As an aside, WMB also created a gas pipeline MLP (Williams Pipeline, WMZ) whose yield is about 9% and Anadarko's Western Gas MLP (which is in exactly the same Rockies region as WPZ, with less variability of earnings due to no "keep-whole" contracts) trades also at 9% -- so I view the spread between dividend certainty (9%) and uncertainty (25-30%) at about 15-20%. Realistically, WPZ should trade at about a 15% yield, maybe 12% - and though their asset quality, customer reputation and WMB support might warrant a higher price, the market is just too doubtful at this point, absent a recovery in NGL prices.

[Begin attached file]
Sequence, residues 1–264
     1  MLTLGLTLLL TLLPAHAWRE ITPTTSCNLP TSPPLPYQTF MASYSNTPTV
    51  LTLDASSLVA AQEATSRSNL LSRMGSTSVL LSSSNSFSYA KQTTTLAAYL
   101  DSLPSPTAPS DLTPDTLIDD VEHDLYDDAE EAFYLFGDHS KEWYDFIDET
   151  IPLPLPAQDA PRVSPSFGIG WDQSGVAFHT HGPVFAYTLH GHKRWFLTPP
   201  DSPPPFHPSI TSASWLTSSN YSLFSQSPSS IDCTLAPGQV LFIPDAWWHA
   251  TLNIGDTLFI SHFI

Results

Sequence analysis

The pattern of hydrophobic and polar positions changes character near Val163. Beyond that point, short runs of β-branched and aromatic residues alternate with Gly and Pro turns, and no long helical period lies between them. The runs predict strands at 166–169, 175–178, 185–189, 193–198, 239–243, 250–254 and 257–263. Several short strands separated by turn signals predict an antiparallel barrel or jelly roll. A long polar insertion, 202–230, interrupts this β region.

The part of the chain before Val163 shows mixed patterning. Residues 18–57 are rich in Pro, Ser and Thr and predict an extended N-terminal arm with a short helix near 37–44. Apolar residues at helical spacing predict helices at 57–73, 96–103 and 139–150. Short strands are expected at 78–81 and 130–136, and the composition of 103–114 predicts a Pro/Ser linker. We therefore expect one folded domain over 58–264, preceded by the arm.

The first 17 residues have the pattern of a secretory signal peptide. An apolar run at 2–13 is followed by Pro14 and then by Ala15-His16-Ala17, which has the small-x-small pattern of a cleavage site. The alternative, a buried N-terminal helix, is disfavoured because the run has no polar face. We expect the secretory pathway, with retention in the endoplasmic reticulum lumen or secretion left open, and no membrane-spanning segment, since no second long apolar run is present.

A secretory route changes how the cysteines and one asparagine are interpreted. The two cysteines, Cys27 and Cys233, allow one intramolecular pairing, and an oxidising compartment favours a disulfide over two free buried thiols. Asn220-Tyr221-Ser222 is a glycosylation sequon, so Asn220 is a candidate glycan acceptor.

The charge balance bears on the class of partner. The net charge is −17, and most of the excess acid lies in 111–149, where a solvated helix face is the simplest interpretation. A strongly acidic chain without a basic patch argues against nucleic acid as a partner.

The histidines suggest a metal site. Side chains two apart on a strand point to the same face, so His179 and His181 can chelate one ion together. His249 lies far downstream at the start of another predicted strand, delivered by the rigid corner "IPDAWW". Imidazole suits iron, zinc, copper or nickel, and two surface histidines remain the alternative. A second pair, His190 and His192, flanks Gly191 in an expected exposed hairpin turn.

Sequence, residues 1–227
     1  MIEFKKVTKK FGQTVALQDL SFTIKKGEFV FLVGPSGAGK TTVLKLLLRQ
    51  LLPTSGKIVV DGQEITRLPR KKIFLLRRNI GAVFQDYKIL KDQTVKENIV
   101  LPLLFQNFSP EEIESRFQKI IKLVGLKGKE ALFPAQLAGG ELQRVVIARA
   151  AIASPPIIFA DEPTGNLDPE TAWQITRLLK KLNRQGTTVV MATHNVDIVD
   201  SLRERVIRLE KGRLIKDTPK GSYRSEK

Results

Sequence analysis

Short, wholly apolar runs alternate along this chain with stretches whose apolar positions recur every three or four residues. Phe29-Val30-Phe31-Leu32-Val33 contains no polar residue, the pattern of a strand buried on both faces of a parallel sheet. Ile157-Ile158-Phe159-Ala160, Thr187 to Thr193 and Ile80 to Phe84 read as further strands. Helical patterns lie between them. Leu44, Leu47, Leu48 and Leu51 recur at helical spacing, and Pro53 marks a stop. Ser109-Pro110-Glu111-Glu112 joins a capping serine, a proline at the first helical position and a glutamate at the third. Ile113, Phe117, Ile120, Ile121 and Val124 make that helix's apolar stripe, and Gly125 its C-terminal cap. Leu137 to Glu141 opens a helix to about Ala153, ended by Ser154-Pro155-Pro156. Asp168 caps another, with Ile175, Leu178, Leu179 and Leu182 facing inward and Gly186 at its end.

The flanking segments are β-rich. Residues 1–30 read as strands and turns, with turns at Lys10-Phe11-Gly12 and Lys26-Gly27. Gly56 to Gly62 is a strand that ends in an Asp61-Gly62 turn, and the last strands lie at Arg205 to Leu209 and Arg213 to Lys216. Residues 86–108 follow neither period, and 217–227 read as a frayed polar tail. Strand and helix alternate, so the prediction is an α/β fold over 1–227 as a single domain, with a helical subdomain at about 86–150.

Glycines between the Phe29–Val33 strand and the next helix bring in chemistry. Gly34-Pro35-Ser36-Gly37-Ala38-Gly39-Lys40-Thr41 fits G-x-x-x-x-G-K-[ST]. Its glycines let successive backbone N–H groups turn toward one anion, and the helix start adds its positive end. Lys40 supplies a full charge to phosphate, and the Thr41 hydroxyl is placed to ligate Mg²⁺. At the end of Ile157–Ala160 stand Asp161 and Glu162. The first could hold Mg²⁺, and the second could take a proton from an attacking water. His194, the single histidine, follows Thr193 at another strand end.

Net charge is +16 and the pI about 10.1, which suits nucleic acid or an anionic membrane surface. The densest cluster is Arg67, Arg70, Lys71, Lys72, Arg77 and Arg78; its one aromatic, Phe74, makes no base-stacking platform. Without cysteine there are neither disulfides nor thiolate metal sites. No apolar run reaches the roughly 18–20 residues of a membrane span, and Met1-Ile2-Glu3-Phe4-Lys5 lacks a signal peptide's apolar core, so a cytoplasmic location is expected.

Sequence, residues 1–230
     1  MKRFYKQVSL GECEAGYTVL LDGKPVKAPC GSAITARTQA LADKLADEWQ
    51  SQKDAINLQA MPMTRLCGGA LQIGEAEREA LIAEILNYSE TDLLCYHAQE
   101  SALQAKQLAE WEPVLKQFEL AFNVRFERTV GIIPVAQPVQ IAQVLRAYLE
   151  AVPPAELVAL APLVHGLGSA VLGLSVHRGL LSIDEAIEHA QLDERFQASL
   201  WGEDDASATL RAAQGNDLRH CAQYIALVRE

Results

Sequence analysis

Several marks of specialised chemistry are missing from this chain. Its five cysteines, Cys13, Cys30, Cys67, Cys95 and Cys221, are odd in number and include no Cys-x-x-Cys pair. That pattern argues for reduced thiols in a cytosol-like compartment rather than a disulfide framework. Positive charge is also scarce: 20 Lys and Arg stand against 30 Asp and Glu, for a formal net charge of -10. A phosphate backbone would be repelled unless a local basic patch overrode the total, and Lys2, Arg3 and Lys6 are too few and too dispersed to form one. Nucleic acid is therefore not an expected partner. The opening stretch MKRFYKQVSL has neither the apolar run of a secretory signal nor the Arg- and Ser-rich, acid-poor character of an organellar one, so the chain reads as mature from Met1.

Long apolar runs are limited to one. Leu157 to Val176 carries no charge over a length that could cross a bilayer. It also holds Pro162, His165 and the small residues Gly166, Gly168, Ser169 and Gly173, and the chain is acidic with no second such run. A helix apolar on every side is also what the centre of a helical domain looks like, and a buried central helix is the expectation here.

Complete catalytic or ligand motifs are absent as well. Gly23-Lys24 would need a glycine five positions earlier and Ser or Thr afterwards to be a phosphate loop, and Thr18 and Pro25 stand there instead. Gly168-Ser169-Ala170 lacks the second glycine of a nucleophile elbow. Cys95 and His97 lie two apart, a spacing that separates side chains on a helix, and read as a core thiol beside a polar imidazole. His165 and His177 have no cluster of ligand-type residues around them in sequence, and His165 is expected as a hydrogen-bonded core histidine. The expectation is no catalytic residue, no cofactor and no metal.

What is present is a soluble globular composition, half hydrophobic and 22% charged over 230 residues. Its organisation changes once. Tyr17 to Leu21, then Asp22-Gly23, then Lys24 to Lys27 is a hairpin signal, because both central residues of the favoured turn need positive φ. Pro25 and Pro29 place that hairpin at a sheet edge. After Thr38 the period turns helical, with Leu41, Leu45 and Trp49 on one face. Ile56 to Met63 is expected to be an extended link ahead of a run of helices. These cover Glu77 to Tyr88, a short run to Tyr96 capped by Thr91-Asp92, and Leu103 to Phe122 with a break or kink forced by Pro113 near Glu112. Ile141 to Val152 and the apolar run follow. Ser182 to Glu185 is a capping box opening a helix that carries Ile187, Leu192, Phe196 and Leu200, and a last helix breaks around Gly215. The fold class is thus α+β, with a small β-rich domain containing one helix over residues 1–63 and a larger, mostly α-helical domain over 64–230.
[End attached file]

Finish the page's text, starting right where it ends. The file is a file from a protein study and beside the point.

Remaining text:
There are two reasons that WPZ is different, and the dividend is more secure than perceived by the market: 1) the earning power of the assets themselves (and the quality of the assets, and returns) are misunderstood, and 2) WPZ is very important to WMB and its strategy, and there is evidence that WMB will support the dividend, if necessary, assuming operating shortfalls are modest to moderate